500-word proposals for 15-minute papers/presentations treating pedagogy on the use of metacognition strategies in the context of active learning & appropriate technological support in teaching literature or composition in classroom settings. Metacognition encompasses “learning how we learn” activities and techniques. Active learning presumes learner-based instruction, and may include problem-based learning, inquiry-based learning, collaborative learning, or other forms of active learning, including the use of technology—PowerPoint, SmartBoards, student response systems, Smartphones, IPhones, IPads, IPods, social media (e.g., YouTube, Facebook), whether in F2F, online, or hybrid courses.
In light of recent scholarship on the cultural history of American creative writing programs, such as Mark McGurl's The Program Era: Postwar Fiction and the Rise of Creative Writing (2011) and Eric Bennett's Workshops of Empire: Stegner, Engle, and American Creative Writing during the Cold War (2015), we invite papers on postcolonial responses to creative writing as a globalized discipline. Perspectives from a wide variety of fields are welcome, including comparative literature, cultural studies, empire studies, new media, pedagogy, postcolonialism, and transnationalism.
CFP for panel at 2017 ASECS National Conference, March 30-April 2, Minneapolis
Call for papers for the Chaucer MetaPage session at the International Medieval Congress, Kalamazoo, in May 2017
Beyond the Portraits: Teaching Chaucer's Tales with Visuals.
For this session, we seek papers that explore the possibilities of using visual materials to teach the Canterbury Tales, going beyond the Ellesmere portraits and similar highly familiar resources. These resources could be online or off (e.g. photos, underexplored book illustrations, ephemera). The session will emphasize the pedagogical value of these materials.
Convincing students who are resistant to feminist ideology—most often the white, straight, cisgender, male student—that feminism is relevant to their lives and the lives of those around them is an uphill battle. More often than not, composition classes are required courses, which means that the students do not want to be there in the first place. Add a feminist theme into the mix, and it can often be a recipe for disaster. This roundtable invites participants to explore the techniques and methods for teaching composition through a feminist lens, particularly focusing on how to combat negativity, while also seeking to invite those resistant students to join the conversation.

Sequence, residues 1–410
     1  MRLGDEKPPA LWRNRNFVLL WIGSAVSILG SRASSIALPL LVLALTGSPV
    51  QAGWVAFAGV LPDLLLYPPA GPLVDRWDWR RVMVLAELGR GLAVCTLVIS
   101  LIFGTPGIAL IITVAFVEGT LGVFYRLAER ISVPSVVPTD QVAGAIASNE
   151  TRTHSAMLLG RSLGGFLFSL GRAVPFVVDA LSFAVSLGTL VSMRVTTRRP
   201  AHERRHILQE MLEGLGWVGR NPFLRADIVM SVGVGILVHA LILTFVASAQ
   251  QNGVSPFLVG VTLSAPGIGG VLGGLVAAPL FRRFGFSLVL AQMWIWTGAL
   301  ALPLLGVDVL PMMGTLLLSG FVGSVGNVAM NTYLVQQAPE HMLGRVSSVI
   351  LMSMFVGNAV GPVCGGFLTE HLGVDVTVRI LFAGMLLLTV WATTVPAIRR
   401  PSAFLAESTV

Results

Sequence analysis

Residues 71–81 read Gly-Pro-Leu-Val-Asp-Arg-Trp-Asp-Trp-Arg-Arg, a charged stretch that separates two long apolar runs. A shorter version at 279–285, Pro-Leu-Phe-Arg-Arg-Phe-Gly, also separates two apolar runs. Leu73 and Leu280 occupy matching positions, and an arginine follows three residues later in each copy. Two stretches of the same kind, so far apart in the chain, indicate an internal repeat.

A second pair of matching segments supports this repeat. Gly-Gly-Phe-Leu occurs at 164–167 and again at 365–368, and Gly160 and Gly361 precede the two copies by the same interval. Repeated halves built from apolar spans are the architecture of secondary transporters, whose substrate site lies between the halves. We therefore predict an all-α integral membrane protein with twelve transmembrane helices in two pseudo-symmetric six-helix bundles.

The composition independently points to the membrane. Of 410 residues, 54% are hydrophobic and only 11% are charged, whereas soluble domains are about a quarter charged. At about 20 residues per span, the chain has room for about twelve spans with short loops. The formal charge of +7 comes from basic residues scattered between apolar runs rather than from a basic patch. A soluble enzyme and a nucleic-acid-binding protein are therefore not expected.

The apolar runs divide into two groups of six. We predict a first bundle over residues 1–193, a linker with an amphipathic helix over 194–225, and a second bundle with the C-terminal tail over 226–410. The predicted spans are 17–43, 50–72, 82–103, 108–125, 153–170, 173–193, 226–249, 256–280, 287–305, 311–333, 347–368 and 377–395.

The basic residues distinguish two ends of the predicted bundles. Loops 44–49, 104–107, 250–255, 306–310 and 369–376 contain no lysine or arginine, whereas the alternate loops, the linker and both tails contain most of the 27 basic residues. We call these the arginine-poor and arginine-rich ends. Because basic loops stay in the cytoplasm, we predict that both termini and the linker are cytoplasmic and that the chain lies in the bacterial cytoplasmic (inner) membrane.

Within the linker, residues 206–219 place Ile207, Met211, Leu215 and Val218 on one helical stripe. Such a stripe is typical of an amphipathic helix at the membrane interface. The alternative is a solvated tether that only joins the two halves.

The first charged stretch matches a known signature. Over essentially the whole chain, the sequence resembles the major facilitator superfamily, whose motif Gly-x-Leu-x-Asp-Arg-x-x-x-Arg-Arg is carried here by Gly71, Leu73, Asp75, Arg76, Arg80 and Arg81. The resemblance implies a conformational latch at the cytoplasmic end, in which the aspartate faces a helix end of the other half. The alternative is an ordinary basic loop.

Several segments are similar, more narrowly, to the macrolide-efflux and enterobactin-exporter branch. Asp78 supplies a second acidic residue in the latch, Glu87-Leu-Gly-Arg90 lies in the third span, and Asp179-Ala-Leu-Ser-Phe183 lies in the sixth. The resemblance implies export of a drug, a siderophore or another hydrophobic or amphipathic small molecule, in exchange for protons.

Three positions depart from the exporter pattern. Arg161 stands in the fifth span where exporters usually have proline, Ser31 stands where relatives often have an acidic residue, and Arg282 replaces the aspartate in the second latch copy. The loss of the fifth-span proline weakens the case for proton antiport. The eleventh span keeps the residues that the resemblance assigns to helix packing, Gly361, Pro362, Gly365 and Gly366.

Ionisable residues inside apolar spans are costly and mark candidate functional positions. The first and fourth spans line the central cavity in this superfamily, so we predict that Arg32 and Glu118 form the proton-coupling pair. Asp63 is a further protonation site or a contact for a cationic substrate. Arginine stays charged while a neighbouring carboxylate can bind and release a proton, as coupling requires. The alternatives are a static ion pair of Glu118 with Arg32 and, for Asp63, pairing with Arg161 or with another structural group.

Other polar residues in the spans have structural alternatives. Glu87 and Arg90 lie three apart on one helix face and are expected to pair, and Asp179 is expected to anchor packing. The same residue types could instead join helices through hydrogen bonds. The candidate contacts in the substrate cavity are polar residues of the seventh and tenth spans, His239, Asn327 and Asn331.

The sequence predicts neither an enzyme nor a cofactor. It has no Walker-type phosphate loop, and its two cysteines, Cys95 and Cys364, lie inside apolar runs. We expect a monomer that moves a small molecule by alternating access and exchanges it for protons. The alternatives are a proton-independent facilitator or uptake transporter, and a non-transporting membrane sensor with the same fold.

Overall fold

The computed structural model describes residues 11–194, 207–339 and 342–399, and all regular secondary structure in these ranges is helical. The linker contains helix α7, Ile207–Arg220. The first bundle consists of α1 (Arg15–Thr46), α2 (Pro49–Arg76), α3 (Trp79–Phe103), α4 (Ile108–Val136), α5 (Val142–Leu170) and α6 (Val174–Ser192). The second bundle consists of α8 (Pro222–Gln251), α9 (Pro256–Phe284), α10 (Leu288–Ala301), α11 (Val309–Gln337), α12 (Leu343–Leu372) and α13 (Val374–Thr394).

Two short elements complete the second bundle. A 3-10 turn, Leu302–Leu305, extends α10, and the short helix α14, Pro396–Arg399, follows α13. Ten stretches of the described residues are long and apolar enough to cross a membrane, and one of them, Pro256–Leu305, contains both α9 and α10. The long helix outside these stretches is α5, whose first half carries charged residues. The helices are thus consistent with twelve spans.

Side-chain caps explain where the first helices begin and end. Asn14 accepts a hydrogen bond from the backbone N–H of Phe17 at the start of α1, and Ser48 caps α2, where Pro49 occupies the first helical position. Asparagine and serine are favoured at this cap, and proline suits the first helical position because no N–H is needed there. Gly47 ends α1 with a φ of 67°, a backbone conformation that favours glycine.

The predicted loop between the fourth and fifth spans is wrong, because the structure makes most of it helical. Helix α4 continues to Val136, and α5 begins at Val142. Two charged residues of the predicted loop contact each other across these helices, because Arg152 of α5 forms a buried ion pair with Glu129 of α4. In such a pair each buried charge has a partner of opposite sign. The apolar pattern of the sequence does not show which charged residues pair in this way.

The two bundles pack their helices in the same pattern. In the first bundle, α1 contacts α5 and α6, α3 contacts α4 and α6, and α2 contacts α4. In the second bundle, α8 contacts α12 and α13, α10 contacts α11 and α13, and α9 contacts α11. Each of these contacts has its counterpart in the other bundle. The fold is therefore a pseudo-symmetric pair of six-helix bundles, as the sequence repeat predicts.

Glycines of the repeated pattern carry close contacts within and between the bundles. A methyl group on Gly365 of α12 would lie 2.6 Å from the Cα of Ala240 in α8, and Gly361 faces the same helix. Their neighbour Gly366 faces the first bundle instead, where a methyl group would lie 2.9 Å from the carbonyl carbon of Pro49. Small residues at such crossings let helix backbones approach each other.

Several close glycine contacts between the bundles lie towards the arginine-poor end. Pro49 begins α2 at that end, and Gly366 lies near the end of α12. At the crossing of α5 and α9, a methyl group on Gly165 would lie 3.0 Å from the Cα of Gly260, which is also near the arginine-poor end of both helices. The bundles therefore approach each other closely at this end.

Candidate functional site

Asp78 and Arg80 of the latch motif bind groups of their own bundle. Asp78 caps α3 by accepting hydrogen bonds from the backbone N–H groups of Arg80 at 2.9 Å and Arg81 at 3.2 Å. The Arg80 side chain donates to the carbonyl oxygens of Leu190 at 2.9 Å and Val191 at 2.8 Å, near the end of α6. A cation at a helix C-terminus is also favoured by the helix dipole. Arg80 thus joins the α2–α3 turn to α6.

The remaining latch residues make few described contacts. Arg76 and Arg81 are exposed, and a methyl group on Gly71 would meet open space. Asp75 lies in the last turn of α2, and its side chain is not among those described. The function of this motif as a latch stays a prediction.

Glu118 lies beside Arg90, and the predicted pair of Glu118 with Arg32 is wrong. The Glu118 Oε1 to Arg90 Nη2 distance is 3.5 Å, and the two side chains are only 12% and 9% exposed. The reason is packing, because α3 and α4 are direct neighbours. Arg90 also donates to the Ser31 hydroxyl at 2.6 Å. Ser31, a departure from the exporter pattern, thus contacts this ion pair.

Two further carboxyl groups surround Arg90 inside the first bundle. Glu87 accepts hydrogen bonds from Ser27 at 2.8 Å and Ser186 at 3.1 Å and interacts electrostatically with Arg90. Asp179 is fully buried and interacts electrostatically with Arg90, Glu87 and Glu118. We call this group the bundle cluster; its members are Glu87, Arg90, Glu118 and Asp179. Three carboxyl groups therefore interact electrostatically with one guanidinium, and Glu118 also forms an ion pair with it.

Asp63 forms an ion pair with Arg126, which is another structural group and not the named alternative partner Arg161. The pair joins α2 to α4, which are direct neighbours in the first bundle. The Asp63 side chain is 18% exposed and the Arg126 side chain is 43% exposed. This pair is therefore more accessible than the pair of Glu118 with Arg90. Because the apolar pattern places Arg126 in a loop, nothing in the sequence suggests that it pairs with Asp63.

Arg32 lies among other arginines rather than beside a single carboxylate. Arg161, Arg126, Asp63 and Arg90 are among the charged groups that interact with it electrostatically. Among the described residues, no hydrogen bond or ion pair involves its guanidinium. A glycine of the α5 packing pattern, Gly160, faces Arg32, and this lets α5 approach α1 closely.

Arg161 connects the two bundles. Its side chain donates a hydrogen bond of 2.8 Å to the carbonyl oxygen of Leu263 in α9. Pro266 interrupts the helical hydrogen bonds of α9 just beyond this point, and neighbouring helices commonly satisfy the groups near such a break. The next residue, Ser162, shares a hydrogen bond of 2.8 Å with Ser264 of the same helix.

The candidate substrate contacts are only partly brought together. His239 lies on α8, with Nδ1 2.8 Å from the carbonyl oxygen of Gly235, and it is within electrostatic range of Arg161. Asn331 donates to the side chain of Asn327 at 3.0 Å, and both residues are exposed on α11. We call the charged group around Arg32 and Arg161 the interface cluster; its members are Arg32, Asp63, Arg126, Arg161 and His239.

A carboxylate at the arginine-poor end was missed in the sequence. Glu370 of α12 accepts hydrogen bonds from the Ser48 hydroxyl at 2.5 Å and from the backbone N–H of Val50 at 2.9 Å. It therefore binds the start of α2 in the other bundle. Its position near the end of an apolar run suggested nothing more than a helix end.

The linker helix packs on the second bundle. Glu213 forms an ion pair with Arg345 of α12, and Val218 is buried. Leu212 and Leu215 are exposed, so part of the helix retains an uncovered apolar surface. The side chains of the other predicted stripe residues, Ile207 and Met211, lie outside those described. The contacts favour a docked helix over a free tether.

Call for Papers
41st Annual PAC Conference
April 7-8th, 2016
The University of North Carolina at Charlotte
Keynote speaker: Dr. Themis Kaniklidou, Hellenic American University
Areas: The Philological Association of the Carolinas invites paper proposals related to any aspect of literary, cultural, media, film and communication studies. Presentations on pedagogy, semiotics, linguistics, and literary and cultural theory are also welcome.
Sigma Tau Delta is inviting submissions from all disciplines and fields to this year’s Far Western Regional Conference held at California State University, Fullerton on November 4-5, 2016.
Final Call for Presentations
Great Writing International Creative Writing conference
20th Anniverisary Conference
Imperial College, London
July 1- July 2 2017
In response to interest a small number of additional presentation places are being made available for this 20th Anniversary Great Writing creative writing conference.
Proposals for presentation of critical work or for creative presentations (e.g. readings) are both very welcome.
The Lehigh English Department's third annual Literature and Social Justice Graduate Conference will take place at Lehigh University in Bethlehem, PA, on March 10-11, 2017. This year’s conference theme is Borders and Violence. We invite diverse literary and pedagogical approaches to this theme, including papers that respond to the following questions: How do borders, whether physical, linguistic, economic, etc., signal or enact forms of violence? Conversely, how do borders function as sites of resistance? What forms can resistance to borders and/or violence take? How does violence at sites of cultural difference affect communities and individuals? This violence might be physical, emotional, metaphorical, linguistic, cultural, judicial, etc.
CEA 48th Annual Conference
March 30-April 1, 2017 | Hilton Head Marriott Resort & Spa
Hilton Head Island, South Carolina 29928